19. Okay, I didn't know that. For simplicity of conversation, I have a PRODUCT supertype and 3 subtypes. Each Substype has a SUBTYPE_VERSION table (1 to m) which stores each versions of a product. I put the "unit_price" in the SUBTYPE_VERSION tables because there are many "unit_prices" While I see that "unit_price" ultimately ties back to PRODUCT, I would argue it ties more closely to SUBTYPE_VERSION. (Windows95 cost $100, Windows XP cost $125, Windows 7 costs $150 and Windows 10 costs $200.) Now I could create a PRODUCT_VERSION table to handle the multiple prices, but that just adds an extra table and it makes more sense to say Widget v2.0 = $75. So I think my design is okay, and there are lots of other things in SUBTYPE_VERSION that justify that design as well. I have: PRODUCT ===> SUBTYPE-A ===> SUBTYPE-A_VERSION PRODUCT ===> SUBTYPE-B ===> SUBTYPE-B_VERSION PRODUCT ===> SUBTYPE-C ===> SUBTYPE-C_VERSION Total symmetry. But see my earlier comments... Why do in 4 tables what you can do in 3 tables? Verbose even for me, but I can see the benefit. See earlier comment. One of my subtypes is ONLINE_BOOK. Every component of a book is in that table. Does an "Author" or "page_count" or "subtitle" relate to the subtype TSHIRTS? Of course not.
  20. @gizmola, Oh? For as long as I have been working with databases, that concept has existed. Are you saying it not formal E.F. Codd stuff, or what? Yes, I found a good example online of how to implement it in MySQL since there are no check constraints - at least in my version of MySQL. Why? The pricing for each subtype is unique. And the reason I introduced subtypes is because Products vary enough that it is dumb to have a "one size fits all" design. For the Order, yes. For the Subscription, no. The Order "stream" links a MEMBER to an ORDER and ultimately a PRODUCT. The Order "stream" does not specify which PRODUCT_VERSION the MEMBER subscribed to, nor anything about the SUBSCRIPTION. That is the catch. Fwiw, i stayed up until 4am this morning, and I got it all figured out and I stand behind my design, which should be totally 3NF. We'll see how things go when I start to code it this weekend?! I have that in my design plus a lot more to help "incentivize" renewals. Which includes pricing. 😉 What part don't you like as far as naming goes? Was there a place I was not normalizing based on the little I told you? Again, I know I didn't give you much, but what do you feel I got wrong? I have that. I removed the duplicate "purchaed_on" and "purchase_price", so that solves my initial concern in this thread. (Turns out I don't need lots of fancy queries, and that I can take care of a lot of the decisioning before things hit my tables.) Columns that apply to *all* subtypes would go into the supertype, products. Agree? I put that in my subtypes, because the way I price a service like subscriptions is radically different that T-shirts. If an attribute applies to all subtypes then it makes sense to go in the supertype, otherwise it goes into a specific subtype which is the whole purpose of subtypes. In my another subtype, I have 20-30 columns that are unique to THAT subtype. The difference are not subtle, and it would be ludicrous to have one PRODUCT table with 60 columns when the vast majority wouldn't apply to many products. No, it's much much more. But legitimate questions! 🙂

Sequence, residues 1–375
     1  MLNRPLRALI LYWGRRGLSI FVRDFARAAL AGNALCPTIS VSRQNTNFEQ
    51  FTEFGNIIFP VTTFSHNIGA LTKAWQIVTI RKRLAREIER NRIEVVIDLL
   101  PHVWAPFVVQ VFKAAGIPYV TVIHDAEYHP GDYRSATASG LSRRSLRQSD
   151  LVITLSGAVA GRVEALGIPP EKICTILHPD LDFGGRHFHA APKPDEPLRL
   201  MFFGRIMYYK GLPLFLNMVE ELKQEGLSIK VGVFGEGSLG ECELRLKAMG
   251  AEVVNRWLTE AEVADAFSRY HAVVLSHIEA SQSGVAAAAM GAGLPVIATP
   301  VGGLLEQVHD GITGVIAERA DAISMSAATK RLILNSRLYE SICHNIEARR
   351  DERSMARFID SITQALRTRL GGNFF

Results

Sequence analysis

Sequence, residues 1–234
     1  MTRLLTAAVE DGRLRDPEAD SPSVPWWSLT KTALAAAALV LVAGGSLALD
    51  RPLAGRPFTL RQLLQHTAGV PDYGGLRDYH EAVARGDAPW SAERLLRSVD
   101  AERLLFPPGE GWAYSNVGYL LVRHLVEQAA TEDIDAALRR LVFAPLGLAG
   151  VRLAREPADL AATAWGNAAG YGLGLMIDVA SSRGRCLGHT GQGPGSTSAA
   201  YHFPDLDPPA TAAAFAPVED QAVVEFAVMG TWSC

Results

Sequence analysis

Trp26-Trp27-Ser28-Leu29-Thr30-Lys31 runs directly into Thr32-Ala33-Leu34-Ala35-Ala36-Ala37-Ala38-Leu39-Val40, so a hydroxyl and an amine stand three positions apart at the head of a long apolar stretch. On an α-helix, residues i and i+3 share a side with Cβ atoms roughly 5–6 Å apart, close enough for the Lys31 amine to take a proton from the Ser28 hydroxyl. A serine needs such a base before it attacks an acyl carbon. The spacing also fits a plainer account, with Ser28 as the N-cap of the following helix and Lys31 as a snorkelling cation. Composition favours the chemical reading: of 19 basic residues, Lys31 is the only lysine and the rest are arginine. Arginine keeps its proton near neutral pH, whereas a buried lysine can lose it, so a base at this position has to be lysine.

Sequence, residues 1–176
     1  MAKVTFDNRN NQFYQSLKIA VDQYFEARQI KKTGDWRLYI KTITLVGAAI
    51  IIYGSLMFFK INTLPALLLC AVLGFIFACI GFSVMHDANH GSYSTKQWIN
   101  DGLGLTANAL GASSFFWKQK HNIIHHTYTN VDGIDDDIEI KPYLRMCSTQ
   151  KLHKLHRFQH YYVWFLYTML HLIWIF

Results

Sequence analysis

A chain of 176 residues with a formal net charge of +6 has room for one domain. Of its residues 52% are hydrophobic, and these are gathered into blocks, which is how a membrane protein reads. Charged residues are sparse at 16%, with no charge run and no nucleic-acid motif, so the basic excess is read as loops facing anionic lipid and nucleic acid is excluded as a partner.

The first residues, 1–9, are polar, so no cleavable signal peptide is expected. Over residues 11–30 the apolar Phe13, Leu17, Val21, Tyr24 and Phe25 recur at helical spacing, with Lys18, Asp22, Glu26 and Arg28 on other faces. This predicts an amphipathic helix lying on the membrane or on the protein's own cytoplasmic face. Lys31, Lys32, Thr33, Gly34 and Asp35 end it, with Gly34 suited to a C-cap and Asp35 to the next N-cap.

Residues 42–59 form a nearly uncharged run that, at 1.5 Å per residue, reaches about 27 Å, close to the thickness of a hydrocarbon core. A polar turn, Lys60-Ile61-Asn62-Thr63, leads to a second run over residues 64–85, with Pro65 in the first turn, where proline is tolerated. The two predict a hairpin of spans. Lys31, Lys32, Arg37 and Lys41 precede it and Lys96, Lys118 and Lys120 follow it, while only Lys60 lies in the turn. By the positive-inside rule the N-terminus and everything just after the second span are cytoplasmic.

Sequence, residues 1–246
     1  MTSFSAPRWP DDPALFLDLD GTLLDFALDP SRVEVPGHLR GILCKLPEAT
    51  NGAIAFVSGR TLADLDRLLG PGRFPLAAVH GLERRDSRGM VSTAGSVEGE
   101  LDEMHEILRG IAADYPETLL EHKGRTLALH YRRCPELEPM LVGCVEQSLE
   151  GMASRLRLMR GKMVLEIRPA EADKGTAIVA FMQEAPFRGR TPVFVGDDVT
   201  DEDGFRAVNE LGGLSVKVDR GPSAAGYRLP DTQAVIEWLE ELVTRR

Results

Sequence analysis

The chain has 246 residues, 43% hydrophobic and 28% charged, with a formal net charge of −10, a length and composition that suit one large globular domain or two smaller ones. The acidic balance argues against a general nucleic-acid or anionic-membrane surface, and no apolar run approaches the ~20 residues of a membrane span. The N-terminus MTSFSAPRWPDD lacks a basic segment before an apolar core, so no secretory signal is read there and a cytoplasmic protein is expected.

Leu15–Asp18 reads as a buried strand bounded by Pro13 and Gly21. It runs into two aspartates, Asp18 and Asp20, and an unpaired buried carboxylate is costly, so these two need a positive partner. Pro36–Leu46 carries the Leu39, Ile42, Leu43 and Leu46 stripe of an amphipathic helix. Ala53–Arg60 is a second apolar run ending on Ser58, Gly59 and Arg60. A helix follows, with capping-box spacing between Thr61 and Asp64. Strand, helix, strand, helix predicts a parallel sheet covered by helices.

21. Okay, I spent the last hour or so looking at my data model again. Like most things, there is no one perfect solution. But being a purist, I have decided to do this... Remove the redundant "purchased_on" and "purchase_price", leave then on ORDER and ORDER_DETAILS, and then add "order_id" to my SUBSCRIPTION_DETAILS table, so I have a way to link a particular purchase to a particular subscription - which is NOT the same thing as a record in ORDER_DETAILS. I guess that would be creating a loose one-to-one link between my ORDER and SUBSCRIPTION_DETAILS tables?